Dental coverage under Obamacare; comprehensive, unlimited and affordable … Here we go again

You pay, no you pay.

You pay, no you pay.

There is a reason why dental insurance through employer plans is often limited to some extent; to keep it affordable and in recognition that dental care unlike medical is more often a manageable expense, one that can be planned for. In addition, there are instant benefits from low-cost preventive care. Dental expenses are ideal for a flexible spending account (FSA). Unfortunately, the $2,500 limit on FSA contributions under the Affordable Care Act greatly reduces the FSAs value in paying for such things a braces… so instead policymakers expand coverage in exchanges, increase premiums and the government subsidy in the process.

None of that matters under Obamacare. Dental care must be comprehensive and unlimited for children…defined as to age nineteen. Dental benefits are part of essential health benefits for small groups and insurance offered through the exchanges come January 2014. These required dental services will add significantly to premiums. For example, read this excerpt from Kaiser Health News:

Milliman estimated that premiums currently range from $21 to $25 per child per month, depending on whether a plan covers orthodontia services, among other things. After incorporating the health law’s requirements, Milliman projected that premiums would probably rise to $34 a month, Ireland says.

Are we never going to learn our lesson? Rather than take a strategic, targeted approach, we rush headlong into more and more of whatever is the cause of the moment. Unlimited dental coverage, including “medically necessary” orthodontics is an open invitation for abuse and over utilization. If you are receiving insurance through an exchange and your premiums and even your out-of-pocket costs are being subsidized, how much will you care what services are rendered or how much they cost, especially services that are “free.” Does anyone think that all braces for children will not now be “medically necessary?” We are transferring the same problems we have with health care coverage to dental care. We are making the same mistake of encouraging the mindset that our personal responsibility is not needed. We are again assuming that if someone else is not paying, it is not affordable. Check the quote below. Is the problem that braces cost $6,500 or that your insurance does not pay more?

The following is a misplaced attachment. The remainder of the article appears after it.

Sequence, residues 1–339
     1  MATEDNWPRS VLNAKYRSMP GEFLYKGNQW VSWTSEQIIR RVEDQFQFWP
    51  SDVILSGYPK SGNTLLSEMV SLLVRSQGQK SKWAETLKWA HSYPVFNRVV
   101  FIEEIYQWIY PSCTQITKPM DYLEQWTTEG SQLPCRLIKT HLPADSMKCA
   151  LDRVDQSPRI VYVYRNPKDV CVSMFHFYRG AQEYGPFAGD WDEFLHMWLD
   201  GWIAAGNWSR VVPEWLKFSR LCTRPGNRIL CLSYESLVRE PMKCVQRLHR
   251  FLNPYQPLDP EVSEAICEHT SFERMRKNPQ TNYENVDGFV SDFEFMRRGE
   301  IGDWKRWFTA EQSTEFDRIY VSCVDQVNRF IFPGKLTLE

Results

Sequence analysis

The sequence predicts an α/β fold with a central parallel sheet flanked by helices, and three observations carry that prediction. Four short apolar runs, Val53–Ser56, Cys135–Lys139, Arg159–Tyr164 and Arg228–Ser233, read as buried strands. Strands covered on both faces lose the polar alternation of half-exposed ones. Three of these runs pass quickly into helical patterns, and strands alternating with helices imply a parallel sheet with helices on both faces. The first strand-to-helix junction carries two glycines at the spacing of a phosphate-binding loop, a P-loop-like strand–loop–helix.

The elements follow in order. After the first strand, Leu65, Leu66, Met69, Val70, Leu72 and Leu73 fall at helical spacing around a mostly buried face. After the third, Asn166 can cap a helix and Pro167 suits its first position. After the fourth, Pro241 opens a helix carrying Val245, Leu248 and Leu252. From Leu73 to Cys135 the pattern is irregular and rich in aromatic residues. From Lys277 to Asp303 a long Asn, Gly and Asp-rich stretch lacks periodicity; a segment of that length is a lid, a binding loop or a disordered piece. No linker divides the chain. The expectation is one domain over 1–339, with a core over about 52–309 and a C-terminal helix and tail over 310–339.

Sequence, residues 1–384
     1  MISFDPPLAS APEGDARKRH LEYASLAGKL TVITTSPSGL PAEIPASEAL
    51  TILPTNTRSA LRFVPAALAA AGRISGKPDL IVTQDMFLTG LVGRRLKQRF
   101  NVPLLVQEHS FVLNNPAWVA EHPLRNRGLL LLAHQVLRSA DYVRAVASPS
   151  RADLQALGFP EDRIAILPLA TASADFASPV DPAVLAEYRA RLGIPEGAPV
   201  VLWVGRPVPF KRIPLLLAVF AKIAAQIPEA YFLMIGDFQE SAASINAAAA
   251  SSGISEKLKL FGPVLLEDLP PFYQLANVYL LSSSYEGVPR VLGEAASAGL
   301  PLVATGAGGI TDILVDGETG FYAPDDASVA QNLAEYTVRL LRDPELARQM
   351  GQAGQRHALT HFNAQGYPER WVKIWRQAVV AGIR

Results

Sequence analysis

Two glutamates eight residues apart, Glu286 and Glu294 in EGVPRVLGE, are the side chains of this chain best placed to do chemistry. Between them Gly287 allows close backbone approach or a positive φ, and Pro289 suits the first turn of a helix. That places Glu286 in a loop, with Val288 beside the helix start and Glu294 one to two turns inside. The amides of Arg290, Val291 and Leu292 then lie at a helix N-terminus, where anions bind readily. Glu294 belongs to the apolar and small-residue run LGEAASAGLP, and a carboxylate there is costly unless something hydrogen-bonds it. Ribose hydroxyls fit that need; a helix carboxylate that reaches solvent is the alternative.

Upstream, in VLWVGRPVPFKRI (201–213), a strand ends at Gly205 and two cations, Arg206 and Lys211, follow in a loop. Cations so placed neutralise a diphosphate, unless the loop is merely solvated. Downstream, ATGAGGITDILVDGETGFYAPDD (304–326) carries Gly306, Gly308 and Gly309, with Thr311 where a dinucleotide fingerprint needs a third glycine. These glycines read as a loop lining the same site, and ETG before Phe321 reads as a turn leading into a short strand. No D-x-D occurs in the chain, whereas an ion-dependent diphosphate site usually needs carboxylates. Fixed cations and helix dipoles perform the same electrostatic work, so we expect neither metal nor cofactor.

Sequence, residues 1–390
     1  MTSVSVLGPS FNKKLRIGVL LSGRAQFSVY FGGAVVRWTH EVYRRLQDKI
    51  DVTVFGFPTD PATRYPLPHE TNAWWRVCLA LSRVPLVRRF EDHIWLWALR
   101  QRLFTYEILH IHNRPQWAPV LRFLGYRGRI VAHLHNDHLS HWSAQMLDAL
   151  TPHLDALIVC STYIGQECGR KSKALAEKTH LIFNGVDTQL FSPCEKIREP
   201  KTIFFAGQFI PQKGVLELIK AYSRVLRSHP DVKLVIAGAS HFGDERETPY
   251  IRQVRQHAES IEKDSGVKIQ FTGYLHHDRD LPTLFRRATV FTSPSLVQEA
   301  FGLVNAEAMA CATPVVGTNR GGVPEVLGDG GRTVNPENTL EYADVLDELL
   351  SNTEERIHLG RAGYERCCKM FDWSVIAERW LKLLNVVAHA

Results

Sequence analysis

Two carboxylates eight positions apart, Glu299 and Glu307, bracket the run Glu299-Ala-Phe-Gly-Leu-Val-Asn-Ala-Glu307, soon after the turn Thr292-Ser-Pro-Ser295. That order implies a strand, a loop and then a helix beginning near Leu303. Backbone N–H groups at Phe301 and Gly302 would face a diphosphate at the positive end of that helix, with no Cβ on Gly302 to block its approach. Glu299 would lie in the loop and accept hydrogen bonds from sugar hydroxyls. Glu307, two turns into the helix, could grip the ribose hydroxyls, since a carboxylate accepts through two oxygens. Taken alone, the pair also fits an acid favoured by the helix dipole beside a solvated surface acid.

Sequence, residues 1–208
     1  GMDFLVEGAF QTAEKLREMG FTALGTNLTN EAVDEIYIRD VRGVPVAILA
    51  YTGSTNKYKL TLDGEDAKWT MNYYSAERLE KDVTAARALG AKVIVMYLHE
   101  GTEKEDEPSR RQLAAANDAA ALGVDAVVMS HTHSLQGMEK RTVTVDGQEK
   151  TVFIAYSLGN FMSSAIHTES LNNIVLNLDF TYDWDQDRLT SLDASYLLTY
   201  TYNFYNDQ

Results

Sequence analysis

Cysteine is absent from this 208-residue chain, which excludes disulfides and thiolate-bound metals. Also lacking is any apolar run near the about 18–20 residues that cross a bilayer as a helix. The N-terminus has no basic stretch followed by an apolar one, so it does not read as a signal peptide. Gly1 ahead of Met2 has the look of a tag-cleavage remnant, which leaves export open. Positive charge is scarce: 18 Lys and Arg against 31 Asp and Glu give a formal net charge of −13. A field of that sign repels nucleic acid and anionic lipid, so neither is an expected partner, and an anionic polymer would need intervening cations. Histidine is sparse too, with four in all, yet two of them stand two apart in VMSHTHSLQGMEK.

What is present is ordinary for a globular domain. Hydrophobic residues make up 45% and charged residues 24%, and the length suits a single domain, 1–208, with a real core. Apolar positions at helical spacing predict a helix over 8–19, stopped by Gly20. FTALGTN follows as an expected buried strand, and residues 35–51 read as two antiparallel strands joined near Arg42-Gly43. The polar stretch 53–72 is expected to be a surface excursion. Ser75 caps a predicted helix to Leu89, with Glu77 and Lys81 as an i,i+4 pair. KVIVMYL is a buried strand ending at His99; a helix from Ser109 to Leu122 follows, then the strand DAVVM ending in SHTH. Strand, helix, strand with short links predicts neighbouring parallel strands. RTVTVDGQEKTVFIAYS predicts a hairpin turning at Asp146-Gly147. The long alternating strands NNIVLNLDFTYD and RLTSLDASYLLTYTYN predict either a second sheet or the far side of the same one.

Here is more from the Kaiser article:

Under the health-care law, pediatric dental health coverage sold on the exchanges cannot have annual or lifetime limits on coverage.

But families who buy dental coverage on an exchange may be subject to an annual out-of-pocket cost-sharing limit of up to $1,000 for dental care. A rule proposed by HHS suggests there be a “reasonable” annual limit. The National Association of Dental Plans has proposed $1,000. Experts expect that the final rule, when issued, will clarify the amount.

“That would be on top of whatever out-of-pocket limit people are already facing [for medical coverage],” says Colin Reusch, senior policy analyst at the Children’s Dental Health Project, who co-authored a recent report on the health law’s pediatric dental benefit. “We see that as being in conflict with what the law intends.”

Evelyn Ireland, executive director of the National Association of Dental Plans, says families who need expensive dental care such as braces may fare better in dental plans sold on the exchanges than in the plans many employers currently offer.

Nationwide, medically necessary orthodontia costs roughly $6,500 per person, Ireland says. Currently, if a private dental plan covers orthodontia, the benefit typically covers 50 percent of the cost, up to a lifetime limit of $1,000 or $1,500. “So it ends up basically being a down payment,” she says.

Assuming braces are a covered benefit, the family of a child with dental coverage through an exchange might have to pay the maximum out-of-pocket limit — $1,000, perhaps — and owe nothing more that year for the child’s dental care. But any other expenses would be covered, since plans can’t have dollar limits on coverage.

That unlimited coverage will probably add to the premium for pediatric dental coverage, however.

Will “probably” add to the premium? da ya think?


2 replies »

  1. Does everyone in the insurance industry and dental industry feel that we older people are just not worth a damn anymore, especially, once we retire?. I need surgery in my mouth because of bone buildup(tori), and pain; however, the EFFING insurance industry looks at this as dental procedures, which they refuse to cover. Even though the procedure is done by a surgeon(MD). BULLSHIT! We are on fixed incomes! It’s a MEDICAL procedure. Why is it NOT covered by insurance companies as medical??????????


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